Then the thrice-accursed Frozen Meat again stepped in to part them. When she returned to the dining-room Dennis had gone to his page 324office. "If it isn't clear to-night," Adelaide cried desperately to herself, "it never will be. I haven't the strength to go on any longer." And she did what she had not done for months—went to him. It had become an understood thing that he was not to be disturbed. Dennis was sitting at the desk that had been her Father's, deep in papers, and he looked up mechanically.

"What do you want, Aidie?"

"You," she thought, but answered with something tremulous in her voice. "I may as well stay here and look after your fire. I will not disturb you, Dennis," and sitting down she tried to go on mending. Dennis made no reply, but went on writing and reading. Half an hour later he said, without raising his eyes, "I am going in to Roslyn first thing to-morrow morning. I don't expect I shall be back for a fortnight this time."

Every hope seemed snatched away. "Will nothing ever bring us together?" Adelaide cried inwardly, and all her gentleness failed, and her breeding with it.

"Dennis, Dennis," she cried out. "You must not go. You shall not go away and leave me. I cannot bear it any more."

"Adelaide," he said rather wearily, "I can't make you out to-night. You seem to be in a dozen different moods. I suppose you're upset and worn out. Go to bed, there's a dear girl, do. I can't work with you in the room."

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Her pride came to the rescue enough to make her resume some appearance of calm.

"Very well, Dennis. Good-night."

His eyes followed her as she left the room, then he turned back to his papers; but nothing seemed to go well that night. Adelaide's cry had reached him and disturbed him vaguely. "I've brought all this misery on her," he thought, "when I would have done anything on earth to make her happy. I must be tired. I can't give my mind to business." He was scarcely conscious of any separation between them, but felt that there was a general cursedness about fate just then.

Adelaide had made such a desperate attempt to break down the barrier, and all was useless. "I haven't any power to move him in the least," she thought. "This is the beginning of the end of all happiness for us both." Without noticing or caring how time went, she sat in the dark in her bedroom. An hour or so later, Dennis came and opened the door quietly, so as not to waken her.

"Aidie! I told you to go to bed. Why didn't you?"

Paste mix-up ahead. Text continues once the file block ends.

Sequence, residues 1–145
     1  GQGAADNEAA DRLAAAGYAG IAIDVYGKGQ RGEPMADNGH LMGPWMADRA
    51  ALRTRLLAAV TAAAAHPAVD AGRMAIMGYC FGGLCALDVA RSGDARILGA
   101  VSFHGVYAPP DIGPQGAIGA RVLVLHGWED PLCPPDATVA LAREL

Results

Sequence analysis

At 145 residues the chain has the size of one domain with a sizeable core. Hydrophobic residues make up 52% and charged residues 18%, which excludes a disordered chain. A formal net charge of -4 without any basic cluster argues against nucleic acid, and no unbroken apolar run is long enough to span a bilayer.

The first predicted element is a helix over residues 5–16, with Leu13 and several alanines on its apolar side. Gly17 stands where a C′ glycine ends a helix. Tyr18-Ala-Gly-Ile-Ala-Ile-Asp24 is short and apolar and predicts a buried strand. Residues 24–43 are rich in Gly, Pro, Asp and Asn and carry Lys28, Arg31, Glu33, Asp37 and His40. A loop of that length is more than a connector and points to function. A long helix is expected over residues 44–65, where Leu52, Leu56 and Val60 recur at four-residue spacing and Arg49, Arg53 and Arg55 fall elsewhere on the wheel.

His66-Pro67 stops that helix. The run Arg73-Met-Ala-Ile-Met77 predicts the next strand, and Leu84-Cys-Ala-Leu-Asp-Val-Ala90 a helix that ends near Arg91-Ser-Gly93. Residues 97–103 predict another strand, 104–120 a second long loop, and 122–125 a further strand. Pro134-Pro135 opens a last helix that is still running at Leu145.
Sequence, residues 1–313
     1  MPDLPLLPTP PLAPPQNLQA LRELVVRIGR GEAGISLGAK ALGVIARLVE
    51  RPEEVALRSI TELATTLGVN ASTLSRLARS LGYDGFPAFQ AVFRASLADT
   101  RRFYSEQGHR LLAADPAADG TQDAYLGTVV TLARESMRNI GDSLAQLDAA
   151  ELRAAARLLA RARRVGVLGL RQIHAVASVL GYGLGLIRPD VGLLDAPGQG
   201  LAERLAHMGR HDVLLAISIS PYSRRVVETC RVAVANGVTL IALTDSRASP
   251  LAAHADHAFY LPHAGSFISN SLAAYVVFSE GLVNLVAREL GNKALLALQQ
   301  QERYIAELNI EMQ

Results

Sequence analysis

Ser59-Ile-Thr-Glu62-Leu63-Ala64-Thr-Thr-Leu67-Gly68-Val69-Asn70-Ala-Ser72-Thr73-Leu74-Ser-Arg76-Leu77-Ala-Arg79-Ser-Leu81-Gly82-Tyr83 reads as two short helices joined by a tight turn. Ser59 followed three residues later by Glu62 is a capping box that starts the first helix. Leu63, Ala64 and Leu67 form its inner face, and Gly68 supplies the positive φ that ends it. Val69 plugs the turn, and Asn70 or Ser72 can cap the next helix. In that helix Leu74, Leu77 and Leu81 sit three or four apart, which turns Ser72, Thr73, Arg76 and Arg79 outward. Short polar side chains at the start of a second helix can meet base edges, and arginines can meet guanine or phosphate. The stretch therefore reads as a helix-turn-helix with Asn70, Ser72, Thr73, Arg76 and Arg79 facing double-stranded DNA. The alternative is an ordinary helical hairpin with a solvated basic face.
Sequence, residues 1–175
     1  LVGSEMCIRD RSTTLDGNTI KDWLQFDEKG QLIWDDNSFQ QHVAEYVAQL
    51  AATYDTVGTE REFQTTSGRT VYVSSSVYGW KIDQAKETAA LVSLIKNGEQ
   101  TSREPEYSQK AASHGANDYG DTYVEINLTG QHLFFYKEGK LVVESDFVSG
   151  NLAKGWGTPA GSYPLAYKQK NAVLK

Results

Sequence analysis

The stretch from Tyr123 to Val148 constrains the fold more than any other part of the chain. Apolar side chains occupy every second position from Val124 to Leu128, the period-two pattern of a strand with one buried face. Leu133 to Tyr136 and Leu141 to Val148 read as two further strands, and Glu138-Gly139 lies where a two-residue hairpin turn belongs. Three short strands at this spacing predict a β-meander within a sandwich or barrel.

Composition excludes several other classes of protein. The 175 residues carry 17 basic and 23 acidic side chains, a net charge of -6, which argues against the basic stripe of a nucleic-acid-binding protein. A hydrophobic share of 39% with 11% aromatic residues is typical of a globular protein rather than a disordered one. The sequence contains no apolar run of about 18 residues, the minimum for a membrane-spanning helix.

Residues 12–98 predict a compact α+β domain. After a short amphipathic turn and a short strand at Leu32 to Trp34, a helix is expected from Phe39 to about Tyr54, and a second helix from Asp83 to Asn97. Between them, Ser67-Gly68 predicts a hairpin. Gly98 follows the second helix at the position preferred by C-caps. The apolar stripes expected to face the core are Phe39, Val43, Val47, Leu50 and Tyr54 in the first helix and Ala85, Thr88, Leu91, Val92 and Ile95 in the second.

Then something very beautiful descended into Adelaide's soul, not exactly a mediæval angel with bird's wings, but a divine messenger of the God who is Wisdom and Love and Power. She came to her husband and put up her arms to him.

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"Because there is something I must say to you to-night, Dennis."

He stood still, greatly moved and not quite knowing why. Her cry had reached him and disturbed him vaguely.

"Tell me, darling."

"Dennis, I've loved you more than anything on earth, more than anything that God could give me after death. I've lived for you, thought for you, worked for you, given up all I once cared about for you. I bore the pains of death for you, and I will gladly again. What have you given me back?"

"Not much, poor child, but all I had to give."

"You have refused me, you keep on refusing me, all that I really want."

"What have I that you could want, Aidie?"

"Yourself, your dear self, Dennis," she cried with a soft cry.

He thought in silence. "I know my business has come between us, love, and I'm not much with you, but I work for you."

"For me? To buy me things? Which do I love the most, you or what money can get me? And while you are wrapped up in your work, do you ever think how I live without you?" She leaned against him and he bent down over her. "O Dennis, Dennis—think of what it has meant to me, to be forsaken so soon. Think of all my lonely days, my lonely nights. I made your home ready for you, and page 327you did not come to it. I cried in the dark and no one cared. I fainted alone and no one even knew. I was in fear of death and there was no one near to comfort me. Yet you had made me yours so utterly that I was no longer my own —." Adelaide paused, but Dennis only tightened his clasp. It was some time before he spoke, and then it was in a low voice and with uncertainty. "Aidie, my own love, I never understood. What else could I do? There was so much to see to."